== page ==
Rethinking Preoperative Weight Loss : Bariatric Times


by Jennifer C. Seger, MD, FOMA, is the Co-clinical Editor of Bariatric Times; Diplomate, American Board of Obesity Medicine; Medical Director, Bariatric Medical Institute of Texas, San Antonio, Texas.

Dear Readers,

Much has been said and written to decry the validity of insurance-required preoperative weight loss as it pertains to outcomes. Indeed, there appears to be no decrease in complications, operating time, or length of stay.1 In fact, it has been shown in some studies that a forced delay in getting the patient to surgery can, in fact, lead to morbidity itself.1

How many of you still ask your patients to go on some sort of preoperative diet? This “ask” is indicative of your inherent belief that there is some utility to the patient losing weight before surgery. We all know the data that has shown that even a modest 5 to 10 percent loss of total body weight can have a tremendous effect on overall health and wellness. Who among you would not want to see your patient come to the operating room having had the best possible preparation? 

In many practices, medical obesity management has taken an important place in the aftercare for metabolic and bariatric surgery patients. What I hope to inspire you to think about is harnessing the power of these modalities before surgery! 

We should not delay surgery, but rather begin the patient’s treatment at, or shortly after, the initial evaluation. Ideally, an initial consultation addresses information regarding nutrition, physical activity, behavior modification, and, yes, anti-obesity medications, if indicated. In our practice, even private pay patients generally must wait several weeks between their initial consult and surgery. This is not to punish them, but because we feel it is critically important to educate patients on how to be successful after surgery, in addition to obtaining any needed clearances or health optimization. 

Here is an example from our practice:

A 34-year-old male patient presented with an initial weight of 584lbs and a body mass index (BMI) of 83kg/m2. He underwent an uncomplicated sleeve gastrectomy in May 2021, and to date has lost 300lbs and is still actively losing weight. The patient’s initial hemoglobin A1c was 7.2 percent on three medications (pioglitazone, metformin, and canagliflozin) and at four months preoperatively, it had already declined to 5.9 percent (on semaglutide and metformin); it is currently at 5.3 percent off all medications.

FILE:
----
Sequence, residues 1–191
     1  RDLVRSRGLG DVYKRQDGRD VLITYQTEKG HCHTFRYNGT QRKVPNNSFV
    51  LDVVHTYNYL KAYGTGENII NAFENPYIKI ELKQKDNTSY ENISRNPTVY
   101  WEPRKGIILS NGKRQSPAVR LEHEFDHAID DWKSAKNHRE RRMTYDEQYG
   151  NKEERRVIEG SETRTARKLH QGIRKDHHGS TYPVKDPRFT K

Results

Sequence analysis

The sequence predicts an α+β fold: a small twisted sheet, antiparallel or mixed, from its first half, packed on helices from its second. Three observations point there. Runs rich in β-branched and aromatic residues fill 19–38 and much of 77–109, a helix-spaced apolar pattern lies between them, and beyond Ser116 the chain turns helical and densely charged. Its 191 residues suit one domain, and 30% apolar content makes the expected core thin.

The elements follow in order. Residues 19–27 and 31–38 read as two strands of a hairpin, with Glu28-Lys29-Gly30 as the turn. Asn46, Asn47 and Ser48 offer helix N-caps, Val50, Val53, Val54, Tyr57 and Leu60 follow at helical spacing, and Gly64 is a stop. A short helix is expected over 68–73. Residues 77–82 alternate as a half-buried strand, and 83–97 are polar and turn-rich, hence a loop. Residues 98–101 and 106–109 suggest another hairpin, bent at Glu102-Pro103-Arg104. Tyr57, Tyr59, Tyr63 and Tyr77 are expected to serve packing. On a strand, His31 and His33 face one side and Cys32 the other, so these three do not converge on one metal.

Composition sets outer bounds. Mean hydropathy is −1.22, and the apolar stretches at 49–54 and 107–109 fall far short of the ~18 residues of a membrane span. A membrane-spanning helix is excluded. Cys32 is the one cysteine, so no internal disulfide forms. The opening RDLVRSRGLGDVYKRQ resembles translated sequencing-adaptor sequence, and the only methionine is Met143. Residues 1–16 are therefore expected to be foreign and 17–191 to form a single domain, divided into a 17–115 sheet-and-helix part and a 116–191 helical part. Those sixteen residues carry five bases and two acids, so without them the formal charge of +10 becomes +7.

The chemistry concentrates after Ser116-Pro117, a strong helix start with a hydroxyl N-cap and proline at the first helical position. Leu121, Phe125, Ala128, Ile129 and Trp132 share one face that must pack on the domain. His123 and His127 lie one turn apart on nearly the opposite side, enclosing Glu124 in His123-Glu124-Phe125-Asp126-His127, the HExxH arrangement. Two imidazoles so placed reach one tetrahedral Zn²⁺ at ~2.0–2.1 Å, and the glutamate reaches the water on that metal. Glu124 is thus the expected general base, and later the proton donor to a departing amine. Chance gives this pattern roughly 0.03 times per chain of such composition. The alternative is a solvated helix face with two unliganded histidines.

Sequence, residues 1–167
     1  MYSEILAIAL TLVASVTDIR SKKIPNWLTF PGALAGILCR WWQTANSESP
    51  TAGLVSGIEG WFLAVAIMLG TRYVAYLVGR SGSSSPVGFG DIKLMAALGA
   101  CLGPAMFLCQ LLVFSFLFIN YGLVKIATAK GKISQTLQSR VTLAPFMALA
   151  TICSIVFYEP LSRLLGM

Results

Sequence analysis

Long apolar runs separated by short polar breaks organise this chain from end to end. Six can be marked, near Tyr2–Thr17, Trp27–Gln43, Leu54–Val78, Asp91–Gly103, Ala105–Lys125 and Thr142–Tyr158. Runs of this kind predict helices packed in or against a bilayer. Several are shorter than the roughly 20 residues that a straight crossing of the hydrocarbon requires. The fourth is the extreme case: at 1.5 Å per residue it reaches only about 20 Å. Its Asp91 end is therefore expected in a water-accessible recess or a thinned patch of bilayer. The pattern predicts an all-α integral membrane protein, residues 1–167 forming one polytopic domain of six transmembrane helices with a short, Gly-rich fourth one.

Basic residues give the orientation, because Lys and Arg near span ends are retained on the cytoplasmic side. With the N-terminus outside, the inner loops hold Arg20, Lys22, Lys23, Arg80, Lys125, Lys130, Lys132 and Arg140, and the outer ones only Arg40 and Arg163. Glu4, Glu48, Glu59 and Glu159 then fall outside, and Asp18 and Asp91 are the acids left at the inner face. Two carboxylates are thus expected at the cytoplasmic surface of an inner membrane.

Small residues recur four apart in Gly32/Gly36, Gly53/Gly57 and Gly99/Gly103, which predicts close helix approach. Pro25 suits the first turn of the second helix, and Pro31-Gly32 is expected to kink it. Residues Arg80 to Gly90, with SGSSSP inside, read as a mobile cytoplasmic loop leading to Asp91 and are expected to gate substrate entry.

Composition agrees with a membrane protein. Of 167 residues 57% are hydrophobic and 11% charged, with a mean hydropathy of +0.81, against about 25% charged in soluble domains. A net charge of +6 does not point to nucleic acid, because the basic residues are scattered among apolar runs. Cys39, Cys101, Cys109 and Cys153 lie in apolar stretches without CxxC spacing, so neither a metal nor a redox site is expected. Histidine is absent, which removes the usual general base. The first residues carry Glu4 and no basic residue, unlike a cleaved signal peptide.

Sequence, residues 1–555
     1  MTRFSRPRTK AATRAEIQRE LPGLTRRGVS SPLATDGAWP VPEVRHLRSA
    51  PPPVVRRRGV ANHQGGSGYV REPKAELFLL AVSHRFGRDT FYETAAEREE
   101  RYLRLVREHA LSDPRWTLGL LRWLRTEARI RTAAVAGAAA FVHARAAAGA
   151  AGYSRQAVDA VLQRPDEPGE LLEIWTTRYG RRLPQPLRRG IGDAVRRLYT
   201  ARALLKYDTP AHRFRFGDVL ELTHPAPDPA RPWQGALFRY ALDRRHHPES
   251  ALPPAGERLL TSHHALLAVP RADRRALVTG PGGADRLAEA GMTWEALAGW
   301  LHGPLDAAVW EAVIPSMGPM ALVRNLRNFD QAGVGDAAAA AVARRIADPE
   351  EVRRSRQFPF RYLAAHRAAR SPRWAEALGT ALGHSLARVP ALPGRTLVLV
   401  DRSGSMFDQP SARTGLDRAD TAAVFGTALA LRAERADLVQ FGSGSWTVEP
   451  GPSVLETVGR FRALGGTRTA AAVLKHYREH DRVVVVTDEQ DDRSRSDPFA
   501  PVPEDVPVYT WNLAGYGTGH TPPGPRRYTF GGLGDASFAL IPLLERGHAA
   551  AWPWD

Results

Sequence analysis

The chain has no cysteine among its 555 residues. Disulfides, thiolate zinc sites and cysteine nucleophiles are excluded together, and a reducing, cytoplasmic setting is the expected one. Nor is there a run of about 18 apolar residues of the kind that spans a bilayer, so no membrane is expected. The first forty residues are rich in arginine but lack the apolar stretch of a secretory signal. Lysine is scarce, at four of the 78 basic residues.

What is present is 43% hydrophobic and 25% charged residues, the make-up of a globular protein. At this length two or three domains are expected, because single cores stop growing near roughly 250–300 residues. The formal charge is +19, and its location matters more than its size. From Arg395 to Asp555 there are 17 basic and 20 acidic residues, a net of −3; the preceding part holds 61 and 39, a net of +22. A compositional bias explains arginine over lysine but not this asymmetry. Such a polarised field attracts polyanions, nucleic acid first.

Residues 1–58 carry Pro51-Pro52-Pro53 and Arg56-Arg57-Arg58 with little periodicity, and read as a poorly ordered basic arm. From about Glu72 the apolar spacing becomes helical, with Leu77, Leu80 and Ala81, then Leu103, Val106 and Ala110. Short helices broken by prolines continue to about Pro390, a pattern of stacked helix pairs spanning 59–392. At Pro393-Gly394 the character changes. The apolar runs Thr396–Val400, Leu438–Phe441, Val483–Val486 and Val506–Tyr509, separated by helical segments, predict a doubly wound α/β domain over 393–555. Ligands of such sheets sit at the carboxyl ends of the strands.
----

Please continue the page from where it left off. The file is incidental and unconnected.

Based on published data, the average weight loss for patients who have a sleeve gastrectomy is 60 percent of total excess body weight (TEBW), or about 30 percent of total body weight.2 This patient, who is now 15 months postoperative, has already lost 52 percent of his TOTAL body weight. Such results beg the question, should patients with high BMIs engage in a preoperative weight loss program? Would this decrease the perioperative complications in high-risk patients? Would such patients achieve an even greater total weight loss? Clearly, we do not have the answers to these questions because studies that involve the combined approach of medical and surgical weight loss have simply not been done. Perhaps now is the time.

This is just another example of how together, we are better.

In health,

Jenny Seger, MD, FOMA

References

  1. American Society for Metabolic and Bariatric Surgery. ASMBS updated position statement on insurance mandated preoperative supervised weight loss requirements. Apr 2016. https://asmbs.org/resources/preoperative-supervised-weight-loss-requirements. Accessed 28 Sep 2022.
  2. Fischer L, Hildebrandt C, Bruckner T, et al. Excessive weight loss after sleeve gastrectomy: a systematic review. Obes Surg. 2012;22(5):721–731. 

Tags: Dr. Jennifer Seger, Editorial Message

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